A year after sparking a furor within the scientific community by publishing Celera’s human genome draft sequence without requiring submission of the data in Genbank, Science found itself at the center of another debate with last week’s publication of Syngenta’s draft sequence of the rice genome.
Despite a letter-writing campaign led by several prominent researchers, Science again permitted a commercial entity to control access to its supporting data through its own website, www.tmri.org (see table on p. 5 for access details). Just as it did with Celera, Science is maintaining a copy of Syngenta’s database in escrow.
While Syngenta has no intention to commercialize the data in the form of a database product, as Celera has, the company expressed concern that commercial rivals might be able to patent commercially useful genes if given immediate, unrestricted access to the data.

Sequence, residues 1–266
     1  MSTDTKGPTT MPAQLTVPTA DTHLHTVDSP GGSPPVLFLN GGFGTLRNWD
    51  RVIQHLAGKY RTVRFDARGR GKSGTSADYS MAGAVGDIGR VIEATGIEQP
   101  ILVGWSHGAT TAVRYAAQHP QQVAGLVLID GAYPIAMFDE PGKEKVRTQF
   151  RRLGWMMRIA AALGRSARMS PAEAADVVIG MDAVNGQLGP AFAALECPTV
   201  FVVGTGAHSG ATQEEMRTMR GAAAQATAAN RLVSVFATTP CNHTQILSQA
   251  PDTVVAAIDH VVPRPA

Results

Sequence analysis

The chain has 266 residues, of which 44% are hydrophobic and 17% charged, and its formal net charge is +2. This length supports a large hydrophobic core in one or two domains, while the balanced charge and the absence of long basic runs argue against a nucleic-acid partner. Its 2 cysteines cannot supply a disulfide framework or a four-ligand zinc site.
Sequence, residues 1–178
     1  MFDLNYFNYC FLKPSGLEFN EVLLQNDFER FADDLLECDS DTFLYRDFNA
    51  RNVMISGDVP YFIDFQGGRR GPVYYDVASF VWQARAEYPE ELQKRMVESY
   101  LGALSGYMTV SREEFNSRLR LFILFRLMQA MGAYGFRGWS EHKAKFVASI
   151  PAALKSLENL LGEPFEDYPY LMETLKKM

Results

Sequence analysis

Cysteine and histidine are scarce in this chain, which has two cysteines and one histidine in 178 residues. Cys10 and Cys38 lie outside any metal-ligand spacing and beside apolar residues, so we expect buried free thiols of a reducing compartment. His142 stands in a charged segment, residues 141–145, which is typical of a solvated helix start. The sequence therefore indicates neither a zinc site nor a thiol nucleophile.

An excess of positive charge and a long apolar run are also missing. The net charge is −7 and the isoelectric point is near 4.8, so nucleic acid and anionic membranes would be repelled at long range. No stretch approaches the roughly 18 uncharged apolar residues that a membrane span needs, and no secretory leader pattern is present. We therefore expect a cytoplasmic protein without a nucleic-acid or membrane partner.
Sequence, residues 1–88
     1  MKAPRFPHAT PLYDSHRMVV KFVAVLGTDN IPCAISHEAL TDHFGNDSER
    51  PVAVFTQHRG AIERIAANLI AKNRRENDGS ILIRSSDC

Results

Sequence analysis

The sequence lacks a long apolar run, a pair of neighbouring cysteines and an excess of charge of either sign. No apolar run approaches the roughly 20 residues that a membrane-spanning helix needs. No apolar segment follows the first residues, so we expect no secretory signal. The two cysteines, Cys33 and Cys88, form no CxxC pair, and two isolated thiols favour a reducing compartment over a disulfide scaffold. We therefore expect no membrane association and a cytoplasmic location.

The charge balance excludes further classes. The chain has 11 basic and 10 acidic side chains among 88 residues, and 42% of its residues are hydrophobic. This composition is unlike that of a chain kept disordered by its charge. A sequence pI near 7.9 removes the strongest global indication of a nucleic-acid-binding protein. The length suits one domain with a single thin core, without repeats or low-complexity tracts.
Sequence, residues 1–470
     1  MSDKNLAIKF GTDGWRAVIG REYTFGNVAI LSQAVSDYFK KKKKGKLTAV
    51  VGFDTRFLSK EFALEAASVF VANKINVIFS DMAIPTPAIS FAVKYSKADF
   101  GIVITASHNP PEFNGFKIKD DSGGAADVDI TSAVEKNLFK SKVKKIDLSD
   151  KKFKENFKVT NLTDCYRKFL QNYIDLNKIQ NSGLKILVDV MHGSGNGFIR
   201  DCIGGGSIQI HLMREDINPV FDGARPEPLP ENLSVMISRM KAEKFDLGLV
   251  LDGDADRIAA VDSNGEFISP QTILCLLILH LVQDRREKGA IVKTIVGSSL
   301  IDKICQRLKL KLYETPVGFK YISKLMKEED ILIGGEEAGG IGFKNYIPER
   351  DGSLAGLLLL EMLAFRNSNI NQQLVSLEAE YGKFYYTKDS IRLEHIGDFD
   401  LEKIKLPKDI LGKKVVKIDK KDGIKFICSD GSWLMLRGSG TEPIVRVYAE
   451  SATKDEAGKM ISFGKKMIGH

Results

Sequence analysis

Syngenta has also gone a step further than Celera in removing some restrictions to its data: It will allow academic researchers to patent findings and has also offered the sequence to the IRGSP to help it reach its goals of sequencing the genome to 99.99% accuracy. According to Steven Briggs, head of Syngenta’s Torrey Mesa Research Institute, the data will most likely appear in Genbank after a 12-18 month window in which the company feels it has “a significant commercial advantage.”
“I think that, in fact, Syngenta, by posting the sequence data on its own website, has met the requirement for public access,” said Donald Kennedy, editor in chief at Science. “I understand the concern from the bioinformatics community that it’s not in Genbank, and that will come about, but not right away.”
Syngenta pointed out that it was the first organization to fund the IRGSP in the US, with a $3 million grant to Clemson University to fund development of the physical map of the genome. The company said it has already released a total of 45 million nucleotides of rice genome sequence to Genbank.